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Art criticism analysis and description of Pierre-Auguste Renoir’s “Nude” painting

Parisians are born with all the shortcomings, but the wonderful fairy gives any flaw to their charm and enchantment. This fairy is grace.
Heinrich Heine
The painting “Naked” was written by Pierre-Auguste Renoir during the transitional period of his work, when the development of his art was approaching the zenith of fame after difficult years of misunderstanding and sharp criticism: “Rough blots, inspiring thoughts of decaying flesh – this was the first time they spoke about my paintings. It is not surprising that from time to time, Monet and I, to distract ourselves, ate a shpigovanny turkey, which was poured with chambertin, ”Renoir later recalled.
The artist embodied a completely new idea of ​​the ideal of female beauty, which was not recognized by the official Salon. Renoir did not resort to the plot scenery, like his predecessor E. Manet in the famous “Olympia”. The artist does not try to elevate his model to the goddess and thereby justify her. In the words of Edmond Duranti (in an article on painting), “The masters of antiquity created what they saw … Depict and you what you see.” The heroine of Renoir – the Parisian beauty Anna (“belle Anne”) remains a model. The model was a girl from Montmartre, who was brought to Renoir by budding artist Henri Gervais. On this canvas, Renoir, like his predecessors, representing the French school, spiritualizes nudity, there is no challenge and a hint of profligacy. Renoir as a poet of a female body portrays flesh as something intangible and inaccessible.
We turn directly to the canvas – this is a medium-sized picture, the format is vertical. Portrait in the “nu” genre. made in the interior. Around the model a pile of iridescent silks – light drapery lines create contours of bizarre and abstract forms surrounding the model’s body shining with beauty and youth, just as a shell frames a beautiful pearl. Octav Mirbo noted that Renoir not only depicts the external appearance, but through it shows the inner world of his models: “… places them in a very different space and in very different lighting, where all the female beauty, shimmering from tenderness and softness to melancholy and suffering can be perfectly embodied. ”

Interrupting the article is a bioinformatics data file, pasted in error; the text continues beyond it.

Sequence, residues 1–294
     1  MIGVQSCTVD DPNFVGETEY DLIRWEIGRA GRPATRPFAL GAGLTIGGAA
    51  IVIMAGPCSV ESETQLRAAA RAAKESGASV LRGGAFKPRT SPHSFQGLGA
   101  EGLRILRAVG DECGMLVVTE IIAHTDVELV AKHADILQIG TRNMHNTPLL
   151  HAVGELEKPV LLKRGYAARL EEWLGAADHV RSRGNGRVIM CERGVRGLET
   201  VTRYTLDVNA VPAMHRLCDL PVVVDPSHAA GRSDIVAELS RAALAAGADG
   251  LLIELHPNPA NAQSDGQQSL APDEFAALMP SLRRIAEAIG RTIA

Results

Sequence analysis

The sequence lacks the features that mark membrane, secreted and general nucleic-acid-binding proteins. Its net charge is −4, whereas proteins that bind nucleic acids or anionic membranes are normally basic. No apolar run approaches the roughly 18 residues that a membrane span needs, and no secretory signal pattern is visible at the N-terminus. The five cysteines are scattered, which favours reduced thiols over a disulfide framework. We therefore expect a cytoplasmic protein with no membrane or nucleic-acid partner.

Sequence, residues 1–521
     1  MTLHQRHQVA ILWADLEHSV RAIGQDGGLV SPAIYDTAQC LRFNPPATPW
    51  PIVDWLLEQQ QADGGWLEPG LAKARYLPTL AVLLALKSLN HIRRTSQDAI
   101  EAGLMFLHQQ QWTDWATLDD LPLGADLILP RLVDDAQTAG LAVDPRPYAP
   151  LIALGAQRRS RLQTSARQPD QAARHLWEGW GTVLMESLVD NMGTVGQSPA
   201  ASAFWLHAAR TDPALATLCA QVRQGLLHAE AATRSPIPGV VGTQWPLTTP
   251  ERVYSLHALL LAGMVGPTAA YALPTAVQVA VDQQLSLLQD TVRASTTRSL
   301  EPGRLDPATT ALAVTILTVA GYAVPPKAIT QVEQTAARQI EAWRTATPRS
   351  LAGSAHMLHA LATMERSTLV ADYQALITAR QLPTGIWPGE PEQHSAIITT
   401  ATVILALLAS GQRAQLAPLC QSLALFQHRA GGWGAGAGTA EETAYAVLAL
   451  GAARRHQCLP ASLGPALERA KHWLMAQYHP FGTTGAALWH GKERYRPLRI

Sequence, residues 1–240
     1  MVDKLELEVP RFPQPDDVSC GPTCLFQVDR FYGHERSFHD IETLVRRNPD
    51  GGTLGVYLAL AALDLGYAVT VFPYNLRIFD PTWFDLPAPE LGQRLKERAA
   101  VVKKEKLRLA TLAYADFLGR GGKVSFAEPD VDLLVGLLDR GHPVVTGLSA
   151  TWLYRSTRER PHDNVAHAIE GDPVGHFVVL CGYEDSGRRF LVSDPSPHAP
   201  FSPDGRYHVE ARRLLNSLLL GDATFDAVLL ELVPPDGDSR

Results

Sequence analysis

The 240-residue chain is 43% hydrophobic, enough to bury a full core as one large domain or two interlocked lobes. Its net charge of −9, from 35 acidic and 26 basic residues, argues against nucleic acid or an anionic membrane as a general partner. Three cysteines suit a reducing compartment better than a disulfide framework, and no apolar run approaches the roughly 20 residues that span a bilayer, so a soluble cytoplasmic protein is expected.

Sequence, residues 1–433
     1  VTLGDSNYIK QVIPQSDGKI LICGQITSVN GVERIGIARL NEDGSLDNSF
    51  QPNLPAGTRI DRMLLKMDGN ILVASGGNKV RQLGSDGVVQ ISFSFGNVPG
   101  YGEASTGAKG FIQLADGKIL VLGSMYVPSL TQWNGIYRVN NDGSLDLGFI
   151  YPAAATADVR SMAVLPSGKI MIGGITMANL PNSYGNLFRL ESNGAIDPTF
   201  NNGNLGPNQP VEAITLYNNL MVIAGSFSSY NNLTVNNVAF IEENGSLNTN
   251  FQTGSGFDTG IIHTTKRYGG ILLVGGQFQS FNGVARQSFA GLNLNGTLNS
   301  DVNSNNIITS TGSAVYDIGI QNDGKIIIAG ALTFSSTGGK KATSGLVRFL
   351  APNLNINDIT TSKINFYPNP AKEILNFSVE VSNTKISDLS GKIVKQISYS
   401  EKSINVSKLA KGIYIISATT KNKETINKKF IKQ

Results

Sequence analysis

The woman is depicted in the center of the picture on a couch with pink-green silk upholstery. The pose adopted by the model, sideways to the viewer, is rather complicated and deprives the model of the excessive ease and emancipation that can be expected from a portrait in the “nu” style. Despite its fullness, her graceful body is hidden in such a position from prying eyes – only the back, shoulders and part of the model’s chest fell into the frame. At the same time, Anna turns her face to the viewer, turning her head gracefully. As it cannot be said that her body corresponds to ideal proportions, her features are far from classical correctness.
The face glows with spring freshness, marked by a pinkish blush on the cheeks. Luminous light skin was shown by Renoir through the use of a sensually smoothed writing method (smooth glaze, fine touches). Smears on the skin of the face and neck are practically indistinguishable – the soft transitions of soft cream and pinkish-peach shades create a unique charm of a healthy natural blush. Renoir himself noted: “What I love is the skin of a girl, pink, which allows me to guess the normally pulsing blood underneath. And most of all I love serenity. ” The serenity and softness of the gaze is achieved through the shadow of the eyelashes. Bright shining almond-shaped blue eyes with a slightly damp sheen turned to the viewer. Bright red strokes add extra volume to the lips – this emphasis attracts the viewer’s eye. Several subtly written bright orange-red lines in the hair outline the contour of the hairstyle and give it volume. Thick dark brown hair is collected a little carelessly and looks natural. These strands, which a man would like to touch, are one of the examples of how Renoir “the voluptuousness of men finds its embodiment in the voluptuousness of the artist.”
The figure of a woman can be compared with a porcelain figurine, albeit not so fragile – “Renoir loved women who are full-bodied”, but just as snow-white and iridescent with pink mother-of-pearl of youth and pure beauty. It is likely that the artist was influenced by his long experience in porcelain painting, in his youth he copied nudes from his mother’s book, which depicted the gods of Olympus by the great masters of the Italian Renaissance. If we compare his models with the ideal of female beauty by Gauguin in order to compare the preferences of two artists, it should be said that Renoir once even refused to participate in the exhibition, wittily noting the reason like this: “I could not stand the painting of Gauguin. His brunettes have an anemic appearance. ”
The artist has always paid particular attention to hands. “Usually, to find out how sincere a person is, they look him in the eye. Renoir looked at his hands. If he was asked to list the parts of the human body according to the degree of their significance, he would undoubtedly start with his hands. ”

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